How large is the leveraged loan market?

The purpose of Bank Overground is to share our internal analysis. Each bite-sized post summarises a piece of analysis that supported a policy or operational decision.
Published on 25 January 2019
We estimate that there is more than US$2.2 trillion in leveraged loans outstanding worldwide. This is larger than the most commonly cited estimate and comparable to US subprime before the crisis.

Focus on leveraged lending as a potential source of financial stability risks has intensified recently.

But measuring the size of the leveraged loan market is complicated: there is no consistent definition of what a leveraged loan is.

The most commonly cited estimate of the market uses a figure of around US$1.3 trillion. This is the value of loans in indices that are used to track performance of the leveraged loan market. We think this underplays the true size of market. It only captures loans that are distributed to non-bank, institutional investors. And, within that, it mainly captures larger, more liquid loans.

When we account for smaller, less liquid loans, as well as lending facilities that are held by banks, the size of the market is more like US$2.2 trillion (Chart A). Around US$1.8 trillion of this is typically held by non-bank institutions.

Chart A

We estimate US$2.2 trillion in leveraged loans in outstanding worldwide(a)

Chart A


(a) Association of British Insurers, Bank of England, Bloomberg Finance L.P., Cass Commercial Real Estate Lending survey, Datastream from Refinitiv, Deals Business Intelligence from Refinitiv, Deloitte, ECB, Federal Reserve Bank of New York, Federal Reserve Board, ‘Financial Accounts of the United States’, LCD, an offering of S&P Global Market Intelligence, London Stock Exchange, New York Fed Consumer Credit Panel, ONS, Pinto, E (2010), ‘Sizing total exposure to subprime and Alt-A loans in US first mortgage market as of 6.30.08’, Memorandum for Financial Crisis Inquiry Commission, Preqin, US Bureau of Economic Analysis and Bank calculations.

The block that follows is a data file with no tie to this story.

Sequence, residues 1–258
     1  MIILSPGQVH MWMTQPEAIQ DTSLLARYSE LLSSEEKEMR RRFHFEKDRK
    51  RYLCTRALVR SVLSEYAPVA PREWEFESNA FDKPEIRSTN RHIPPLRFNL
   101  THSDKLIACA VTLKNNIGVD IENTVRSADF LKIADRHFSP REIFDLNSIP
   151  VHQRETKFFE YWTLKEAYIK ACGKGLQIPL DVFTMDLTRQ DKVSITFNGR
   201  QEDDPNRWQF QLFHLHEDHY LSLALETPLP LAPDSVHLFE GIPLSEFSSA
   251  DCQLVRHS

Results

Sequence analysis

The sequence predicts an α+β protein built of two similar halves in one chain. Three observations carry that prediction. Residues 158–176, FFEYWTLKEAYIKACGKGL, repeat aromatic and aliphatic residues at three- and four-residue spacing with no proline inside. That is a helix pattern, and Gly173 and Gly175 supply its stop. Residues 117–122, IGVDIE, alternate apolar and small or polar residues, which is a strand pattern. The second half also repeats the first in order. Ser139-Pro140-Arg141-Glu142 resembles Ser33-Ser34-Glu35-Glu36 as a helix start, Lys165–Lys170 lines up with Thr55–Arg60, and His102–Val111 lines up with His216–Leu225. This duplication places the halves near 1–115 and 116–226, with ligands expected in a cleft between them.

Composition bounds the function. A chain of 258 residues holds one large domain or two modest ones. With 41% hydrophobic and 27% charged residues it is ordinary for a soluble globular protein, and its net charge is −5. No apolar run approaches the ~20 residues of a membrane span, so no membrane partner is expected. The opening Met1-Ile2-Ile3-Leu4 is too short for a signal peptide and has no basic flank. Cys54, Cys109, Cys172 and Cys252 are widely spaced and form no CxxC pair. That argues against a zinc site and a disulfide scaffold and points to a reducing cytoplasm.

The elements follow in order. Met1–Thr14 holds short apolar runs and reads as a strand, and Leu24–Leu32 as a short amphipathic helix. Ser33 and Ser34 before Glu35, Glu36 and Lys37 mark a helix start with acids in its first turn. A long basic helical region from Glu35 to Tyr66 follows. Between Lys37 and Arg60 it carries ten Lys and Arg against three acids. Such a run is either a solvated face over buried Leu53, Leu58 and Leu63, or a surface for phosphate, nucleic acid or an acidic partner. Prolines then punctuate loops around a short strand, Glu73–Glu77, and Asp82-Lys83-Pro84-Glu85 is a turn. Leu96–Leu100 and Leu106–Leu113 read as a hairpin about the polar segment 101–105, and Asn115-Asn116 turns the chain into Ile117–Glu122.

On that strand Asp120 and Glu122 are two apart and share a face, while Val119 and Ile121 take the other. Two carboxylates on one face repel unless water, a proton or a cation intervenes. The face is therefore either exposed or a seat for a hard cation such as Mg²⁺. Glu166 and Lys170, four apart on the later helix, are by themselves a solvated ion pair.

See full footnotes in the Financial Stability Report, November 2018.

This makes the stock of leveraged loans in 2018 comparable to the stock of US subprime mortgages before the onset of the financial crisis, if measured relative to the size of the relevant credit market. But there are several reasons to think it is less risky (see Financial Stability Report, November 2018).

A large share of leveraged loans are sold to non-bank institutional investors. Around 45% of the stock of these are held through collateralised loan obligations (CLOs), and 30% by investment funds and insurance companies together. A sizable share of the market is unallocated because it is unclear who the end-investors are (Chart B). Banks also have significant exposures to the same borrowers via amortising loans and revolving credit facilities.

This post explores which investors are most exposed to CLOs.

Chart B

Indicative estimated holdings of leveraged loans by global investors(a)

Chart B


(a) BarclayHedge, Bloomberg Finance L.P., FCA Alternative Investment Fund Managers Directive (AIFMD), LCD, an offering of S&P Global Market Intelligence, Morningstar, National Association of Insurance Commissioners and Bank calculations.

See full footnotes in the Financial Stability Report, November 2018.


This post has been prepared with the help of Danny Walker.

This analysis was presented to the FPC as part of its 2018 Q4 round.

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This page was last updated 27 May 2021

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